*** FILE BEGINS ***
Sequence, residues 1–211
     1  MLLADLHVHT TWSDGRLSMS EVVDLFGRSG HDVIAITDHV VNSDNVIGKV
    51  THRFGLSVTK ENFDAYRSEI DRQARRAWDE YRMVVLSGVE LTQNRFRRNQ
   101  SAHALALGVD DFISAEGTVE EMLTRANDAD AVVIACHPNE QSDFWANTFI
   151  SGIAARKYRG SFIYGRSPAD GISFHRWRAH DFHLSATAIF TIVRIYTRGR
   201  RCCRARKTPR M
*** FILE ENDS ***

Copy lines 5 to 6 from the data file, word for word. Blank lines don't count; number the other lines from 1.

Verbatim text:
   151  SGIAARKYRG SFIYGRSPAD GISFHRWRAH DFHLSATAIF TIVRIYTRGR
   201  RCCRARKTPR M